Wheeling & Lake Erie Railway

Railroad / Ohio

The Wheeling & Lake Erie Railway (W&LE) is a Class I railroad that operates mostly within Ohio, and consists of several abandoned or disused branches. Throughout its long history, the W&LE has been a part of the Nickel Plate, Norfolk & Western and Norfolk Southern. In 1989, the original W&LE was dissolved as a corporate entity only to be renewed as the W&LE in 1990 by a group of investors, acquiring most of the original W&LE routes from Norfolk Southern.


History

The Wheeling & Lake Erie Railroad (W&LE) was established with the goal of connecting Martins Ferry (and indirectly, Wheeling, West Virginia) to Orville, Norwalk, Huron, Sandusky, and Toledo on April 6, 1871. 1 The railroad desired to tap into coal deposits in Ohio. 6 Capitalists were willing to construct the line at $15,000 per mile provided that citizens along the route would subscribe $10,000 per mile. By the end of 1871, all of the right-of-way within six miles of Wooster was secured and a subscription of nearly $1 million had been received.

Construction of the W&LE began in early 1872 but a lawsuit filed by a taxpayer and a national financial panic halted further work until 1877. 6 The 12½-mile section between Huron and Norwalk, which followed the Huron River and an old canal, opened on May 31, 1877. 1 But owing to concerns of fraud in 1879, further work on the W&LE was halted. 6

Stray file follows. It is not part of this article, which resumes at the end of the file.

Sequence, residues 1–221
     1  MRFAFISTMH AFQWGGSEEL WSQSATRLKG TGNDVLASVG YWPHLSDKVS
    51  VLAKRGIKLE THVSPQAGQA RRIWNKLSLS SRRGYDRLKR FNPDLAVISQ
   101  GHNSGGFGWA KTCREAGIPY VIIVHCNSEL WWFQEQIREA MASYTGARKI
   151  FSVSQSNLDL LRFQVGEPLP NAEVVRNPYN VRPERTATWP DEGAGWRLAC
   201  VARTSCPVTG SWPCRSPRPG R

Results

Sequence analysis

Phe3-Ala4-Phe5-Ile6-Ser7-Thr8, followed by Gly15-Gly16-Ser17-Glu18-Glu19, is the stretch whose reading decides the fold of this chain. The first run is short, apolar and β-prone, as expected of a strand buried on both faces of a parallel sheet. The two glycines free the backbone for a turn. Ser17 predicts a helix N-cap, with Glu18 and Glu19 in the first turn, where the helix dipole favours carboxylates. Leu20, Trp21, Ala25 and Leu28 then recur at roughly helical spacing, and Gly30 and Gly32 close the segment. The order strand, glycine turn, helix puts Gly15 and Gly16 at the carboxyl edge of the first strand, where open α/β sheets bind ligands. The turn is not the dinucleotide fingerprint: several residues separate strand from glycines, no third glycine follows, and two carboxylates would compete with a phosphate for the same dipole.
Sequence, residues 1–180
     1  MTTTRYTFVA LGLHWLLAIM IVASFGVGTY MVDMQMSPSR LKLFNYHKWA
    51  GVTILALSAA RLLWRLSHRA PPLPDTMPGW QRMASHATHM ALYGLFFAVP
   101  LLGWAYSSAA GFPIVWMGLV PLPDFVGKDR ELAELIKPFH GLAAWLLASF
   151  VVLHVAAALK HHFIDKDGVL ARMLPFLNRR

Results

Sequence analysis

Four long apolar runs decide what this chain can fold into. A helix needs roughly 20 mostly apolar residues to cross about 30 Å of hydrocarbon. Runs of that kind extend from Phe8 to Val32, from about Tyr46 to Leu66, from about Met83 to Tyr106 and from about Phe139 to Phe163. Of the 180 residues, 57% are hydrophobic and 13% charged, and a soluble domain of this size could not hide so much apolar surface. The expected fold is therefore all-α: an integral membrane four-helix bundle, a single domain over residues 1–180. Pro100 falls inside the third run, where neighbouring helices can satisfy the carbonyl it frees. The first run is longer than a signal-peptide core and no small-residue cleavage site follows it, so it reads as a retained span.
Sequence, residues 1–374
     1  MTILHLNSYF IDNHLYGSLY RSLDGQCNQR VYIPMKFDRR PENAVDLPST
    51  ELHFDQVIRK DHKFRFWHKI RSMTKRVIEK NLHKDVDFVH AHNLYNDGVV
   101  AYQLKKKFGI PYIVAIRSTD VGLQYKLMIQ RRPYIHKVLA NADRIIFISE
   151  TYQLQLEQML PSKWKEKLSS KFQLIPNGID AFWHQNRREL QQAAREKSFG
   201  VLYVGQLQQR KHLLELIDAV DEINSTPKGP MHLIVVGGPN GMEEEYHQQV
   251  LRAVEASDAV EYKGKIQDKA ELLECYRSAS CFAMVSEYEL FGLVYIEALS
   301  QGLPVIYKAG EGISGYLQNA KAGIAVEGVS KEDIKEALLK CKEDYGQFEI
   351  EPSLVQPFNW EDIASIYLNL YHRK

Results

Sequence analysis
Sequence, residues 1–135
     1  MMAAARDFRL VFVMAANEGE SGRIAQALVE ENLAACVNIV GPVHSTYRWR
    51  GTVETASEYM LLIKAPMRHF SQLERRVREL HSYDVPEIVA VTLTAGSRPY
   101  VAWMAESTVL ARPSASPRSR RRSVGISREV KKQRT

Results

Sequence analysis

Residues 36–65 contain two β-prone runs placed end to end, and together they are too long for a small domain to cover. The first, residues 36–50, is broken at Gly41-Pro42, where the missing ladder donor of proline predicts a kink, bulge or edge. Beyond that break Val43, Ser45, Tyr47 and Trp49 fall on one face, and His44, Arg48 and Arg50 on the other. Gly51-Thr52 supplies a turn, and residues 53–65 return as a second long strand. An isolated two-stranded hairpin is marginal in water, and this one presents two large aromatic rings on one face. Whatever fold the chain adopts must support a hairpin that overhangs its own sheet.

Jay Gould, who intended to complete the W&LE as a freight route between the Wabash Railroad in Toledo and the Central Railroad of New Jersey, began purchasing W&LE securities in 1880. 1

The railroad was completed between Norwalk and Massillon in January 1882, to Fremont in April, and west to Toledo and east to Zoar Station by August. 1 6 Gould then negotiated trackage rights over the Marietta & Pittsburg Railroad (M&P) from Zoar Station to Dover in September 1882.

Folk’s Station Tunnel was completed in July 1889 after nearly a year of construction. 1 The 450-foot long tunnel was constructed by the Rexford Brothers and passed under the Pittsburgh, Cincinnati & St. Louis Railroad’s Cadiz Branch and replaced an earlier tunnel that was started but never finished. By 1889, the W&LE had reached Martins Ferry, across the Ohio River from Wheeling. 6 The company added a branch to Steubenville in 1891. 8

The first coal mine opened in Adena along the W&LE in 1899 and the town soon became the center of one of the major bituminous coal-producing districts in the state. 9 18 Located 14 miles west of Martins Ferry, the Adena region boasted 17 deep and five strip coal mines that were capable of producing 17,000 tons of coal daily.